Canada’s biggest risks to economy are internal, OECD warns

Canada’s economy will see moderate growth over the next two years, despite headwinds from Europe and elsewhere, but it faces internal risks from record household debt, lagging business innovation and low productivity, according to the OECD.

The Paris-based Organization for Economic Co-operation and Development said Wednesday Canada “withstood the global economic crisis thanks to a timely macro-economic policy response and a solid banking sector.”

“The economy is continuing to grow despite the persistence of international turbulence, most recently stemming from the eurozone sovereign debt crisis,” the OECD says in a 128-page report.

“The latest indicators suggest the economy is picking up, and the outlook is for continued moderate output growth and inflation in 2012-13.

The OECD, an economic research group with 34 member countries, expects Canada’s economy to grow by nearly 2.2% this year and 2.5% in 2013.

“The fragile U.S. recovery and problems in the euro area, along with the strong Canadian dollar, will limit export growth, although high commodity prices should continue to bolster corporate profits in the energy sector, which — together with the low cost of capital — should support business investment.”

Meanwhile, Canada’s annual inflation rate stood at 2% in April, according to the most recent data from Statistics Canada. The core rate, which strips out volatile items such as some food and energy products, was at 2.1%.

The OECD, however, says subsequent “record-low mortgage rates have pushed house prices up substantially in some cities, and boosted household indebtedness, which poses an increasing risk.”

Household debt “is high and that’s why it’s a concern,” Peter Jarrett, one of the authors of the report, told reporters in Ottawa, following the report’s release.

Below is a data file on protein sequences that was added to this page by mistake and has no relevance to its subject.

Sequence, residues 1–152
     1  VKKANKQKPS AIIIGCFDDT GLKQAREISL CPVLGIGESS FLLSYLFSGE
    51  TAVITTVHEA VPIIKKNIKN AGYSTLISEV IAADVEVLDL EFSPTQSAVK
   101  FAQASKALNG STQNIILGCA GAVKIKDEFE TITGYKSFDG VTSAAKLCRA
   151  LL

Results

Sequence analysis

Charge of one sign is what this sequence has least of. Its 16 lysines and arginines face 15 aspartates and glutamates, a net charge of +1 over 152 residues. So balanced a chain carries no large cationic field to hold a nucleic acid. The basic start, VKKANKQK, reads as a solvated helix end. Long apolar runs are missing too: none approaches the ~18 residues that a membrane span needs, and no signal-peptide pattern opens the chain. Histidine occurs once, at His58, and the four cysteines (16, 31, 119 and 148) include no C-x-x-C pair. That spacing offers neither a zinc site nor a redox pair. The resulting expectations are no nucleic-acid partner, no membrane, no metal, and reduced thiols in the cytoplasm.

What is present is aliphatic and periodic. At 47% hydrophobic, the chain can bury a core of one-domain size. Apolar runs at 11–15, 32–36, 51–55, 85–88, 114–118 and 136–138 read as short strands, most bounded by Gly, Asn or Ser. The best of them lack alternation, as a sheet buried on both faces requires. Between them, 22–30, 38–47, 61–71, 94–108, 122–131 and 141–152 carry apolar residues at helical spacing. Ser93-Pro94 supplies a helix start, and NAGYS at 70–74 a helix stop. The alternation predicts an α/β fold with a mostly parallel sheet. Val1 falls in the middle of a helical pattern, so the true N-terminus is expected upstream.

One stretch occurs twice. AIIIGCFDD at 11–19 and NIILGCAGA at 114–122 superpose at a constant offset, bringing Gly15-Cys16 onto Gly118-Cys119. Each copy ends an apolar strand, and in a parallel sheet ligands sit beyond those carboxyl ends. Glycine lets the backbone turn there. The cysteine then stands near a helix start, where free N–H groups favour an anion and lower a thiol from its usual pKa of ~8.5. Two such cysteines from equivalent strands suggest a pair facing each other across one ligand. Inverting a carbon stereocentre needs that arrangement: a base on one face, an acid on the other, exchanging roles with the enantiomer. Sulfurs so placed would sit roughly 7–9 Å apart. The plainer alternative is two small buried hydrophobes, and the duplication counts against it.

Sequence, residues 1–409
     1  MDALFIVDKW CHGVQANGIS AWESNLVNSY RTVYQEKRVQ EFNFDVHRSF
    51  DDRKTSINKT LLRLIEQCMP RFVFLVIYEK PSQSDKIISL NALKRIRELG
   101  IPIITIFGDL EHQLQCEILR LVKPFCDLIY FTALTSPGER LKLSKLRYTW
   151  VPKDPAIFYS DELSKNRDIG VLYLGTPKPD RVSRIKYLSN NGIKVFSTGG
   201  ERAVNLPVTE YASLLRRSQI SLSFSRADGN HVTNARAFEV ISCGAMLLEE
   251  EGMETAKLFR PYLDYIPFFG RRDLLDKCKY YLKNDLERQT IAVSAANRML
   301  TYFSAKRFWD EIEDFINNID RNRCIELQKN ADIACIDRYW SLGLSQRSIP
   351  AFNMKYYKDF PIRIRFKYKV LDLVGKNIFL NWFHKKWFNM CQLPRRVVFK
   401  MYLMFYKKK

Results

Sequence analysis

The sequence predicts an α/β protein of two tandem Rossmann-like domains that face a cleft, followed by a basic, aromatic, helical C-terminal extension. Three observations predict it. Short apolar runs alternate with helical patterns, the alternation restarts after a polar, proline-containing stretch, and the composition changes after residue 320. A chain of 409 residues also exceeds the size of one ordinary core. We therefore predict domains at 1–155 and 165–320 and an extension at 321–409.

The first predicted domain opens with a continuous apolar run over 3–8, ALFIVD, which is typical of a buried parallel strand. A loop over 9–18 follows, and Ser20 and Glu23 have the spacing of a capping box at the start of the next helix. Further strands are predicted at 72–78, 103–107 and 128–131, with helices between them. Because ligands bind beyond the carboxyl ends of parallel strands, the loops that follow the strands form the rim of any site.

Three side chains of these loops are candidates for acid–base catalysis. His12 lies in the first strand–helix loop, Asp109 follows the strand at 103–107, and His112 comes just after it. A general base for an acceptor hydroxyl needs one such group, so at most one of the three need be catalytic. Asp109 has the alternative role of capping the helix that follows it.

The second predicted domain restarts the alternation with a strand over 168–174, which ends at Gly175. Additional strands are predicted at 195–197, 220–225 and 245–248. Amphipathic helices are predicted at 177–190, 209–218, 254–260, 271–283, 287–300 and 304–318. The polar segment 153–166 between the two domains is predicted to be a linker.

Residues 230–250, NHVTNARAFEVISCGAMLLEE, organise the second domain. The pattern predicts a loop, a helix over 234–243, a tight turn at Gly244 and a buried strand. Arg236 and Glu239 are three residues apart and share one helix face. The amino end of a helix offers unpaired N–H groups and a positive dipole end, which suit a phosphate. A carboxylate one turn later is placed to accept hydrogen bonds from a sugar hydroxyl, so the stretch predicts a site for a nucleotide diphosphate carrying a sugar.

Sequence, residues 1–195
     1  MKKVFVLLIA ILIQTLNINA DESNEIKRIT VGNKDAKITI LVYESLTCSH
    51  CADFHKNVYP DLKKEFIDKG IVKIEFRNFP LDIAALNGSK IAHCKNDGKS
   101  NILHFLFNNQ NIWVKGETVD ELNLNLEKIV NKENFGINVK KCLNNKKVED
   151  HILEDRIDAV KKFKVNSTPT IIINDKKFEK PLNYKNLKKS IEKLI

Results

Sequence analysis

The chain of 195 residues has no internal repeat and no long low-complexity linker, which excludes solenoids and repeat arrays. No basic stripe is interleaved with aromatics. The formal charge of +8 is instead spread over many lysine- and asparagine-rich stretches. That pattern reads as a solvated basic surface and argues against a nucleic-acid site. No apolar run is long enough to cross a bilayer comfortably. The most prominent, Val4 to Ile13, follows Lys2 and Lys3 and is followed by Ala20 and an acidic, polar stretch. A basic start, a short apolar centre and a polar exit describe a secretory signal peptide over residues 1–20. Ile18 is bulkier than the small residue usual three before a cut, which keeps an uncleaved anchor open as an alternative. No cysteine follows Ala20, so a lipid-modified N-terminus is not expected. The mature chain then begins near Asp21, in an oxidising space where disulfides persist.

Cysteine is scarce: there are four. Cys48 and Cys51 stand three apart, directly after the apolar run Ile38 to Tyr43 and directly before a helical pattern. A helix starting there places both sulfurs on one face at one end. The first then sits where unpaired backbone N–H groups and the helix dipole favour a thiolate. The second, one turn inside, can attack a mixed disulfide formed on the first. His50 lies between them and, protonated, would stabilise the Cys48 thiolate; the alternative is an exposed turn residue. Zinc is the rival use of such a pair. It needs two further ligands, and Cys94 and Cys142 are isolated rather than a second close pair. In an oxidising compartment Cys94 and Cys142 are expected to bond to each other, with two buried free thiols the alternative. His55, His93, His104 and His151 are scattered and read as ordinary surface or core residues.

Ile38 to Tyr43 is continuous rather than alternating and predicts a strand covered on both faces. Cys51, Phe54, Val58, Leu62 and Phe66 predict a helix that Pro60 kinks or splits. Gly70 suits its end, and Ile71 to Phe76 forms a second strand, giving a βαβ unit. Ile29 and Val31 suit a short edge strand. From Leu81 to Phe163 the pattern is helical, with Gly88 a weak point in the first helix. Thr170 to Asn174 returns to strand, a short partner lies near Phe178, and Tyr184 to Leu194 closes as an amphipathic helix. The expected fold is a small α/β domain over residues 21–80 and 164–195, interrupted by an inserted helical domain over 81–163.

He acknowledged debt loads have started to ease, but the risks to the economy of any housing market collapse are still “worth worrying about.”

“They’re not trivial and they’re not enormous, they’re somewhere in between,” he said. “Luckily in the last few months they have been moving in the right direction.”

While monetary policy “remains appropriately accommodative given persistent global headwinds,” the OECD warns that policy makers must be ready to act if prices heat up, particularly in the housing market.

The report notes Ottawa has already tightened mortgage-lending rules to help cool sales in the residential sector, given those historically cheap borrowing costs.

But the OECD says that tightening “may have to go further.”

As the federal government wound down its stimulus spending program, launched during the economic downturn, it began looking for ways to cut its record-high deficit. “The 2012 federal budget features significant public spending cuts designed to achieve budget balance by 2015-16. Even larger efforts are being made in some provincial budgets, notably Ontario’s,” the OECD acknowledges.

“This tightening is necessary to reduce the debt overhang resulting from the past recession and stimulus measures, but the authorities should slow the pace of consolidation if significant downside risks to growth materialize.”

Ottawa ended fiscal 2011-12 with a $23.5-billion shortfall, down from the government’s estimates of a $24.9-billion deficit for the year. The deficit for the previous fiscal year was $34.4-billion.

Meanwhile, the OECD places special emphasis on Canada’s productivity, pointing to the disappointingly slow pace of growth in that area.

“While Canada has made great strides in macroeconomic and structural policy settings, and its academic research is world class, the pay-off in terms of business innovation and productivity growth has not been large,” the report says.

“Competitive pressures, which spur innovation, have recently intensified because of the high exchange rate, but further market opening in sheltered sectors like network industries and professional services would be beneficial,” it says.

“Government support to R&D should focus more on sharpening incentives and raising performance.”

Along with a weakening manufacturing sector, the OECD report says Canada’s productivity has been declining since 2002. In the United States, meanwhile, productivity has increased by about 30% in the past 20 years.